Unusual Attractions in Thessaloniki
Unusual Attractions in Thessaloniki – Known as the megalopolis of northern Greece, Thessaloniki is filled with ancient monuments, landmarks, and museums. But Greece’s second city is also home to a plethora of bizarre, unusual and underrated sites, which also deserve to be explored. Buckle up, we are taking you on a virtual tour of unusual and alternative things to visit in Thessaloniki.
Gardens of the Pasha
Pasha Gardens is a forgotten green park near Thessaloniki’s old town (ano poli), a part of the city where remnants of Ottoman-era architecture can still be seen. Tucked behind the Agios Dimitrios hospital, it is a little-known green oasis, and also one of the city’s most mysterious places. The park is dotted with unusual, half-ruined stone structures. This imaginative, Gaudí-style architecture centers around an ornate fountain encircled by a tunnel leading nowhere. There is also a cistern to collect rainwater, a seating area, and a small gate leading underground. Mysterious shapes and symbols can be found throughout. The area swirls with a unique spiritual and mystical energy. The architect is unknown, and there are several theories about the history of this place. Some say it was a meeting place or initiation temple for Ottoman freemasons, specifically the Sufis, or Muslim mystics. Some believe the park was first created by Sephardic Jews. And yet others suggest it was once part of the city’s catacombs. According to an inscription on one of the walls, the structures were created in 1904.
Abandoned Bogomils Graveyard
Located in town of Nea Chalcedon is an ancient graveyard, that has long since been pillaged for riches, but is still home to a beautiful collection of stone crosses established by a gnostic Christian sect. The Bogomils were a European gnostic cult that survived up to around the 16th century. They followed the dualist belief that the world was in constant, even contention between God and the Devil. According to their beliefs God held dominion over the spiritual world, while Satan’s power lay in all things physical and material. They practiced all sorts of rituals involving dancing, fasting, and such, revering their own bodies as temples, which also kept them from building churches. During the life of their cult, the Bogomils could mostly be found in the Balkans and near Serbia. However they did send out groups of missionaries.
The Train Cemetery
The train cemetery of Thessaloniki, located in the suburb of Nea Ionia, attracts curious visitors and photography enthusiasts who enjoy taking pictures of the decaying trains. In this graveyard lie over 1,000 decommissioned trains, some of which have been stranded for over 30 years. The place is eerie and quiet, and offers quite a spectacle as nature has gradually invaded the space.
The Haunted House on Vasilissis Olgas street
In Thessaloniki, everyone you cross paths with will tell you that the house on 263 Vasilissis Olgas Street is haunted. Rumor has it that screams and strange noises can be heard at night, and that anyone who has tried to live in it, or even demolish it, has come to a mysterious end. Vasilissis Olgas Street was once one of the most elegant areas of the city, where many aristocratic families lived. It is bordered by a collection of meaningful historic buildings, including the Haunted House, built in 1919. But even before its construction was complete, the second floor collapsed twice for unexplained reasons. Countless stories surround the Haunted House, which makes it a fun landmark to visit. Many tour operators, including organize tours of the house, some for free.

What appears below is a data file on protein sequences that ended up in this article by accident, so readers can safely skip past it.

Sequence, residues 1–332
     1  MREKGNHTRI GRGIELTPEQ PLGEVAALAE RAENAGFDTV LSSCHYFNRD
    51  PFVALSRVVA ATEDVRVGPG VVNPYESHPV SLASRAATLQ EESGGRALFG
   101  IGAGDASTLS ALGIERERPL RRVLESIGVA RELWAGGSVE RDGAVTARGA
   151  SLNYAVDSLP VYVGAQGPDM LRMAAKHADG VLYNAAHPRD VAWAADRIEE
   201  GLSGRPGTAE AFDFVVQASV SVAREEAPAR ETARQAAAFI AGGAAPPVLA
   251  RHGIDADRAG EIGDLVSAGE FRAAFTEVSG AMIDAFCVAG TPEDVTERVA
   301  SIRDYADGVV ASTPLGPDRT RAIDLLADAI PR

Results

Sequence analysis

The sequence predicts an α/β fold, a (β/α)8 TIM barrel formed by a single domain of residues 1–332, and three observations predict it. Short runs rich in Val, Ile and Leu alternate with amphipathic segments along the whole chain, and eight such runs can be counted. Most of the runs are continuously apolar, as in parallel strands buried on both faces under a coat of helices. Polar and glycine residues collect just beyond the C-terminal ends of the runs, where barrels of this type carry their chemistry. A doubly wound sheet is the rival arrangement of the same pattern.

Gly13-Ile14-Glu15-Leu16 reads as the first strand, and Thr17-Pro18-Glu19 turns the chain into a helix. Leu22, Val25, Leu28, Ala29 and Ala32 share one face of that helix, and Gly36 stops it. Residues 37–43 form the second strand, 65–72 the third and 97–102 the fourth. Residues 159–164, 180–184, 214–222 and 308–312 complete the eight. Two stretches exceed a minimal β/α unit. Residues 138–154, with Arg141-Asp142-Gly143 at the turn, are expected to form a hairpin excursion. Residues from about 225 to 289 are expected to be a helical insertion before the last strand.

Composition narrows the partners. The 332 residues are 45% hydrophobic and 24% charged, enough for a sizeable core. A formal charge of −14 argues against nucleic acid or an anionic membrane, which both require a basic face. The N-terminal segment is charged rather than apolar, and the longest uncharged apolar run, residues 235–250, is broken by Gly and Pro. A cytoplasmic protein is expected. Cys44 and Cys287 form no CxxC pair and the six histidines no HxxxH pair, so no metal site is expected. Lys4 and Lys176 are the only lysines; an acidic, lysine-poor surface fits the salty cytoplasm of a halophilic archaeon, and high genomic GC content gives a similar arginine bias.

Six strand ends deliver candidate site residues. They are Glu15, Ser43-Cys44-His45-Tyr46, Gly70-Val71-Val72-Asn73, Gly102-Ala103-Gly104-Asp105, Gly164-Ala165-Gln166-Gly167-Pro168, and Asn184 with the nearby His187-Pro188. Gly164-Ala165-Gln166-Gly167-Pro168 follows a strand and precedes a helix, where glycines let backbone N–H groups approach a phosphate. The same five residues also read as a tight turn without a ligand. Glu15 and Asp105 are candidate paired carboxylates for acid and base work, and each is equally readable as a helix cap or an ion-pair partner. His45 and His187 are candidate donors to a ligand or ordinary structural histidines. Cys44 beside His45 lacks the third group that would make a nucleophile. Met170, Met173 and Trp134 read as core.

In Thessaloniki, one monument embodies the architecture and culture of the city. It carries the memories and aromas of the old Ottoman era as well as the fresh flavors of today’s fine arts. Today, Bensousan Han is a hot spot for the creatives, but it also speaks to over 200 years of local history. Once entering the foyer, the senses are caught by the abundance of color, shapes and textures of all the curiosities lushes all over the place. The building was constructed in 1810 on behalf of Samuel Bensousan, a local merchant, and elements from that period are still visible at the lower levels. The cellar held goods, the basement held livestock. The upper floors were used as affordable dormitories for travelers and merchants. All of the rooms are organized around an octagonal entrance hall, creating a connected space. More recently, a group of artists took over the space. They revitalized the building, bringing in theatrical props and vintage furniture and creating a revolving “Prop Gallery” on the ground floor. The space is used for events put on by local and international companies, including theatrical performances, readings, and exhibitions. Bensousan Han is part of the creative movement of the present as well as an example how to reuse the architectural heritage of Thessaloniki.
Ancient brothel of the Roman Forum
The bath includes a circular room with twenty-five bath tubs, heated pools, and a circular sweating room similar in operation to a modern sauna. The brothel operated in a two-story building next to and in direct communication with the bathhouse, with a dining room on the ground floor, and pleasure rooms on top of it. The findings from the brothel, vases of clay and glass, a large penis-like alabaster vase, jars with penis-like mouths, even parts of a sexual aid with a hand-driven pulsating shaft, were once exhibited in a special “adults only” room of the small underground museum constructed as an extension to the forum’s cryptoporticum, but aren’t visible anymore. The baths and brothel complex dates from the second century BC, and it was destroyed by fire, probably as a result of an earthquake, in the last quarter of the first century AD.